French Union

The French Union (French: Union française) (1946–1958) was a political entity created by the French Fourth Republic to replace the old French colonial empire system, colloquially known as the "French Empire" (Empire français). It was the formal end of the "indigenous" (indigène) status of French subjects in colonial areas.

French Union

Union française
Motto: "Liberté, égalité, fraternité"
"Liberty, equality, brotherhood"
Anthem: '"La Marseillaise"
French Union.svg
Common languagesFrench
Historical eraCold War
27 October 1946
5 October 1958
Preceded by
Succeeded by
Provisional Government of the French Republic
French colonial empire
French Community
Kingdom of Laos
State of Vietnam
North Vietnam
Kingdom of Cambodia
French Guinea
French Fourth Republic


The French Union had five components:

  1. Metropolitan France, which included French Algeria.
  2. 'Old' colonies, notably those of the French West Indies in the Caribbean that became overseas departments in 1946.
  3. 'New' colonies, renamed overseas territories.
  4. Protectorates of French Indochina. It had been expected that other protectorates would become part of the French Union, but the rulers of French Morocco and French Tunisia refused to become members and never belonged.[1]
  5. United Nations Trust Territories, such as French Cameroons and French Togoland, successors of the League of Nations mandates.


The French Union was established by the French constitution of 27 October 1946 (Fourth Republic). Under it, it was said that there were no French colonies, but that metropolitan France, the overseas departments, and the overseas territories combined to create a single French Union, or just one France.[2]

The goal of this union was "assimilation of the overseas territories into a greater France, inhabited by French citizens, and blessed by French culture".[3] Whereas the British colonial system had local colonial governments which would eventually evolve into separate national governments; France wanted to create a single government under a single French state.[3]

This French Union had a President, a High Council and an Assembly. The President was the President of the Republic. The Assembly of the Union had membership from the Council of the Republic, from the National Assembly and from regional assemblies of the overseas territories and departments but ultimately had no power.[4] The High Council ultimately met only three times, first in 1951.[5] The Assembly was the only actually functioning institution that could manage legislation within the overseas territories.[3]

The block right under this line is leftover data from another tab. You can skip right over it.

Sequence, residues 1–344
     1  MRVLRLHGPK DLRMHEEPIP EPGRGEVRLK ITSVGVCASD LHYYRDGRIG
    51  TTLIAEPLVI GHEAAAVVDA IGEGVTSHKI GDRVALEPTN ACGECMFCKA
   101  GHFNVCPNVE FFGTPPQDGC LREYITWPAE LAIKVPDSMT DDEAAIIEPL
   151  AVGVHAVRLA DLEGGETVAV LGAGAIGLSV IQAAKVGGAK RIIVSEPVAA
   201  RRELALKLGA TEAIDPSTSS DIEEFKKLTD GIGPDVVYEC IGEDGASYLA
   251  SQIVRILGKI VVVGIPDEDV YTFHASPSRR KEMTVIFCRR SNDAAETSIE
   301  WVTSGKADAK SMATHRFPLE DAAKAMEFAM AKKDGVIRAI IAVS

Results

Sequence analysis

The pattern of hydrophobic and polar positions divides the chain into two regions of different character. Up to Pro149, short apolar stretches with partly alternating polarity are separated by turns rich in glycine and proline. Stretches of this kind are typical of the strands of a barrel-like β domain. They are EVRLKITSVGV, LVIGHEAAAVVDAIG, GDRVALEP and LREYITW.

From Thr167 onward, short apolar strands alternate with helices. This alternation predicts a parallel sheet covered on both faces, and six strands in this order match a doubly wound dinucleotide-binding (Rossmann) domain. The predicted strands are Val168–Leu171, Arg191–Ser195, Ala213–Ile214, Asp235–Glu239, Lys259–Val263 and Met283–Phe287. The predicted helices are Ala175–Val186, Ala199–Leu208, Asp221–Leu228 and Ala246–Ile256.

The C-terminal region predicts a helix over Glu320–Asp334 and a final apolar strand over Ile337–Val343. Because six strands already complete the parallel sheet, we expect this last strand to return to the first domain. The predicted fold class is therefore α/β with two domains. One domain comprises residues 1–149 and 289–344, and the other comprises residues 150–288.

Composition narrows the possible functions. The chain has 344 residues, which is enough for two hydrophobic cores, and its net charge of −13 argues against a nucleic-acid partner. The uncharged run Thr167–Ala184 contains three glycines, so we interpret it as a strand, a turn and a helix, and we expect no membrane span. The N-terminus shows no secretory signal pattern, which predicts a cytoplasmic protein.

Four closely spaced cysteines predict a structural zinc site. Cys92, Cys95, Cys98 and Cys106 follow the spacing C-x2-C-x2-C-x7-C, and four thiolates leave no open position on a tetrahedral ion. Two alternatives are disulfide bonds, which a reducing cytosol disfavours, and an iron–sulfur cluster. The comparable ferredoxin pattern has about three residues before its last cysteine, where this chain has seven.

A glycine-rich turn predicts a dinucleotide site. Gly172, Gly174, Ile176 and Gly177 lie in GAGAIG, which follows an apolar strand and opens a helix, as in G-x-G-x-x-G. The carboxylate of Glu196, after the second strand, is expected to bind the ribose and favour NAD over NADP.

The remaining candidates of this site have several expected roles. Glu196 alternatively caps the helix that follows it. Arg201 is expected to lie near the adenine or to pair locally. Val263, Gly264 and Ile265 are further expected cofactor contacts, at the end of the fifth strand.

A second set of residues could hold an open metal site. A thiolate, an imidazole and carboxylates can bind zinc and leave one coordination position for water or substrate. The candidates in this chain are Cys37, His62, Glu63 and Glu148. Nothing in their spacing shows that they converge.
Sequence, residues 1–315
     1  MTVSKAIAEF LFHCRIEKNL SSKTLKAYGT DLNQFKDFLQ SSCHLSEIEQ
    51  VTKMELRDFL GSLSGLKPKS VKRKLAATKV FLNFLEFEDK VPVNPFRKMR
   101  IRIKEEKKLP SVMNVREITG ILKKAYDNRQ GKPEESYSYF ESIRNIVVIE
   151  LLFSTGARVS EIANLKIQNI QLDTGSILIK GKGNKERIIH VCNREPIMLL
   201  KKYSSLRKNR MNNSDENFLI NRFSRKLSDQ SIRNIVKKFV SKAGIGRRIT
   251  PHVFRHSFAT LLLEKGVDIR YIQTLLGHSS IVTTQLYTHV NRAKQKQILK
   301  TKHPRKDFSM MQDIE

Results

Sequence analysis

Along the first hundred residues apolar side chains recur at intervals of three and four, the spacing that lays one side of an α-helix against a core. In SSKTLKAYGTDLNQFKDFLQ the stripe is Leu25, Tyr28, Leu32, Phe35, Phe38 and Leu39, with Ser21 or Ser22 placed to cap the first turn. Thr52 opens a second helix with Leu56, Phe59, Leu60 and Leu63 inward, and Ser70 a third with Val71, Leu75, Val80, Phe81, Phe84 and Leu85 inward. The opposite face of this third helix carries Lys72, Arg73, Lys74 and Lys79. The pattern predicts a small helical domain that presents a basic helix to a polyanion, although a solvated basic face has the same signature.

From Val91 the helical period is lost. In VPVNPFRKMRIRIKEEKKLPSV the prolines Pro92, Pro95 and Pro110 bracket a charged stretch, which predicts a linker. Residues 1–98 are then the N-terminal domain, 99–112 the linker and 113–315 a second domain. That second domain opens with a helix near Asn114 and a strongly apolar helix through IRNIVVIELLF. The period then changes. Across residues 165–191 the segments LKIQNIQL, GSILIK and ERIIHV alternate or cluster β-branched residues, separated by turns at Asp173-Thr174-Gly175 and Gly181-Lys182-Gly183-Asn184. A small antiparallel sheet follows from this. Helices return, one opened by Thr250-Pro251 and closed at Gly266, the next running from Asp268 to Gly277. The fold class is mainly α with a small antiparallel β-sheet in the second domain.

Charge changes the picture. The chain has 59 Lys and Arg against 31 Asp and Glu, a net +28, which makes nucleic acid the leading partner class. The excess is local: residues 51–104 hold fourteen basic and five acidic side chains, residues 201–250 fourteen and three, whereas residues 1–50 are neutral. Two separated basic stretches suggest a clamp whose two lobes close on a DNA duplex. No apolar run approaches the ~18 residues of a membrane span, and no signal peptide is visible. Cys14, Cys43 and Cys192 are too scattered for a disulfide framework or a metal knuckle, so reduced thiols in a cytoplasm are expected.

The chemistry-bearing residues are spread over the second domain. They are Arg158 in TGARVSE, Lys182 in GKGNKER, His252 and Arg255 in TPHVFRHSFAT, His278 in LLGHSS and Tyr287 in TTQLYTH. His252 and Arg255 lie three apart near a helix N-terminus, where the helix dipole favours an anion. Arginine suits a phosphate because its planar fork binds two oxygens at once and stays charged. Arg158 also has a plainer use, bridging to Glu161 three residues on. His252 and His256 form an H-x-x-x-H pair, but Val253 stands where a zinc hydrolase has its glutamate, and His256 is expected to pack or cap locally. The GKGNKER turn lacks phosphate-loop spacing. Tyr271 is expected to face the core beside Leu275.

In reality, the colonial areas had representation but all power remained in the French Parliament and thus was centralized.[3] The colonies had local assemblies but these had only limited local power.[3] Instead, various natives of the overseas territories in metropolitan France grew into a group of elites, known as evolués.[3]

On 31 January 1956, in response to the Algerian War, the system changed, abandoning assimilation in favor of autonomy, allowing territories to develop their own local government and to eventually gain their independence.[6] This would not succeed however and in 1958 the French Union was replaced by the French Community by Charles de Gaulle's Fifth Republic wherein France was now a federation of states with their own self-government.[7]

Withdrawals from the French UnionEdit

  • Cambodia withdrew on 25 September 1955.[8]
  • South Vietnam withdrew on 9 December 1955.[9]
  • Laos withdrew on 11 May 1957 by amending its constitution.[10]

See alsoEdit


  1. ^ Charles-Robert Argeron, La décolonisation française, Armand Colin, Paris, 1994, p. 73.
  2. ^ Simpson, Alfred William Brian (2004). Human Rights and the End of Empire: Britain and the Genesis of the European Convention. Oxford University Press. p. 285. ISBN 0199267898.
  3. ^ a b c d e f Simpson, Human Rights (2004), p. 286
  4. ^ Simpson, Human Rights (2004), p. 285–286
  5. ^ Simpson, Human Rights (2004), p. 286 fn. 33
  6. ^ Simpson, Human Rights (2004), p. 286–287
  7. ^ Simpson, Human Rights (2004), p. 287
  8. ^ [ Displaying Abstract ] (26 September 1955). "Cambodia severs tied with France; Declares Her Independence - Prince Norodom Takes the Post of Premier". The New York Times. Retrieved 22 June 2018.
  9. ^ "Pentagon Papers Part IV A 3" (PDF). National Archives and Records Administration. 1954–1960. Archived from the original (PDF) on 5 April 2012. Cite journal requires |journal= (help)
  10. ^ "Laos".

Further readingEdit

  • Cooper, Frederick. "French Africa, 1947–48: Reform, Violence, and Uncertainty in a Colonial Situation." Critical Inquiry (2014) 40#4 pp: 466–478. in JSTOR
  • Simpson, Alfred William Brian. Human Rights and the End of Empire: Britain and the Genesis of the European Convention (Oxford University Press, 2004).
  • Smith, Tony. "A comparative study of French and British decolonization." Comparative Studies in Society and History (1978) 20#1 pp: 70-102. online
  • Smith, Tony. "The French Colonial Consensus and People's War, 1946–58." Journal of Contemporary History (1974): 217–247. in JSTOR